Most of us associate the term “branding” with big, consumer-focused companies. While the power of a brand might be most noticeable for the likes of Apple, Toyota, McDonald’s and the rest of the world’s most valuable brands, it isn’t confined to the giants. Every business in every industry has a brand – it’s just a matter of whether yours is alive or dormant.
Any marketer will tell you that a brand is much more than a logo, color scheme and tagline. At our creative agency, we take this notion a step further by saying that the visual elements of a brand are actually the very expression of the brand’s core, where its essence lies.
A great way to visualize the anatomy of a brand is the classic iceberg metaphor. At the small sliver above the surface, you see the logo. Beneath the surface, you have all of the things that make a brand meaningful, including brand voice, values, positioning, company culture and personality.
People might recognize a brand by its elements, but it’s the essence that they truly connect with.
Where Do You Start?
If your branding process starts with graphic design, you’re doing it wrong. Before you can even begin to envision the outward appearance of a brand, there needs to be a brand personality. Who are you and why should people care?
That can be a tough answer to dial up, so we like to ask clients lighthearted questions such as:
- If your brand were a car, what car would it be?
- If your brand wore a suit, what type of suit would it wear?
- If your brand were a musician, who would it be?
These prompts don’t automatically give us true answers but they do drive a phase of discovery, arriving at a unique personality for your brand. I recently gave a talk on branding at the New York Small Business Expo, where I led this exercise. One by one, each attendee’s eyes lit up as they started to make the connection between their brand and a personality.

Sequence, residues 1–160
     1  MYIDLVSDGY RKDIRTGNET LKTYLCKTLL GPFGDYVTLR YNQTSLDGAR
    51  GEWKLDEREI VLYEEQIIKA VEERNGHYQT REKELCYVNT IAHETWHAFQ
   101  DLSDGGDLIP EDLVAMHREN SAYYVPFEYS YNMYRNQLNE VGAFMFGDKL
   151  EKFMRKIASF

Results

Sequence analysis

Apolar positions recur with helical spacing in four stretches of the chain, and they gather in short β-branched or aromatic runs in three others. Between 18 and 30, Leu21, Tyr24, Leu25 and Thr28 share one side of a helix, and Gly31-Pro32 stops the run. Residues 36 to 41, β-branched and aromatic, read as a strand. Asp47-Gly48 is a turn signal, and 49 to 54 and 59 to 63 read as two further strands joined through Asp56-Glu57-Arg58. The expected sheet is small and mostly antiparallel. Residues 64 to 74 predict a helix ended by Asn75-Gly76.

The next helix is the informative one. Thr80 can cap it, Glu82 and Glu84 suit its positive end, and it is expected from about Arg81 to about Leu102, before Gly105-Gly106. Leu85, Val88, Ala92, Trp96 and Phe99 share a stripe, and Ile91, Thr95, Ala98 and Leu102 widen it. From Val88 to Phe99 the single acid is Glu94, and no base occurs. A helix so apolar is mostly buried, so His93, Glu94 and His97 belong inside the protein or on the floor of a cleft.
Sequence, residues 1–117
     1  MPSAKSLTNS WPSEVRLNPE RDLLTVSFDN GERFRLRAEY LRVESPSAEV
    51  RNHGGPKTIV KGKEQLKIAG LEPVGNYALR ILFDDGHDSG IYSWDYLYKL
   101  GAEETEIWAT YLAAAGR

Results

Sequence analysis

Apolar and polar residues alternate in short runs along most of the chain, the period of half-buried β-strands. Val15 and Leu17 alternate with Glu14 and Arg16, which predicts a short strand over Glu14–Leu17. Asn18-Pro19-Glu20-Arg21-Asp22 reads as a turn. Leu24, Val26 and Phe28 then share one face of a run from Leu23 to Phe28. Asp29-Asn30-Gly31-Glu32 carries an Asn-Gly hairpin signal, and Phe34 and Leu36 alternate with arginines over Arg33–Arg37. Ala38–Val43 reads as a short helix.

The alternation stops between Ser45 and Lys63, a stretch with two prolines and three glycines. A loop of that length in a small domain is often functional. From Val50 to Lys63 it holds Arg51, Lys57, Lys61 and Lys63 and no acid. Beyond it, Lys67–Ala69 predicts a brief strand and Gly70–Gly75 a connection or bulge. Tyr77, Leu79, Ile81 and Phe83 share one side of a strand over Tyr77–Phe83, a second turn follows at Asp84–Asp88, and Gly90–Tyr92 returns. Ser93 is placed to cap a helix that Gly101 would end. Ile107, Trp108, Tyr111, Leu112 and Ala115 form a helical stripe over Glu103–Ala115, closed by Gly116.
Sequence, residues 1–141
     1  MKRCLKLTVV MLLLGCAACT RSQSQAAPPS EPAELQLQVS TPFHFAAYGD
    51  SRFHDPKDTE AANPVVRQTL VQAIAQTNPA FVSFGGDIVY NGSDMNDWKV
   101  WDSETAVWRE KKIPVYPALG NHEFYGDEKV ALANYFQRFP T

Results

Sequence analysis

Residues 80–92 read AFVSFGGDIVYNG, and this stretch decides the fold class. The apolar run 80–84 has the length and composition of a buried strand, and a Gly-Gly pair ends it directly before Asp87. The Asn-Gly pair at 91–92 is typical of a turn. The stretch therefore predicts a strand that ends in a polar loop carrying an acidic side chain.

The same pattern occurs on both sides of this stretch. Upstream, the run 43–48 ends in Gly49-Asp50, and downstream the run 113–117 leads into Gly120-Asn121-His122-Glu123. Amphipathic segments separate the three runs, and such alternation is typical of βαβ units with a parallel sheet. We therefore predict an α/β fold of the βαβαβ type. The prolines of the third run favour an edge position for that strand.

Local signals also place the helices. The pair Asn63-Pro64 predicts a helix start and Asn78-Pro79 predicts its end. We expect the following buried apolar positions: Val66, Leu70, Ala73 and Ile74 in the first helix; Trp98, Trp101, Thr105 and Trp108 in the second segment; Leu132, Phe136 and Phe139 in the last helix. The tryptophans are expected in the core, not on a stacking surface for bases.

A Great Brand Means Different Things In Different Industries
All of this might still seem over the top for businesses that don’t live in the public eye or on store shelves, but I can assure you that no business is too boring for branding. It’s just a matter of identifying what makes an impactful brand in your industry. What do your customers look for in your type of company?
For example, a trucking company needs to convey reliability and capacity. Meanwhile, professional services firms rely more on images of experience and sophistication. The financial services sector is one where smaller local businesses – such as community banks and insurance agencies – can compete with national powerhouses by making concerted efforts to create more relatable brands.
In most B2B industries, competitors are offering the same products or services at a similar cost. That leaves branding as the differentiator. Consider an accounting firm, where benefits are often intangible and payback may be months away. The firm must rely on its brand visibility to attract interest. Therefore, critical marketing strategies should include consistent messaging and imagery, thought leadership and visible civic involvement.
For manufacturers and distributors, strong branding can pay immediate dividends because the branding bar is usually fairly low. A modern, easily navigable website with solid branding elements can do wonders. Keep in mind that industrial buyers are retail consumers outside of the office. They will respond positively to a well-positioned brand within their industry.
Your Brand Is The Heart Of Your Marketing
The most common mistake B2B companies make is treating branding like a project. Even when the visuals are delivered and updated, the mission is far from over. In fact, it has only just begun. Branding is an ongoing effort that should permeate all of your marketing and advertising, from digital to print, even to face-to-face communications. Treat every touch point like a brand message and you can become the Starbucks or Coca-Cola of your industry.
This article was originally published on Forbes.com.
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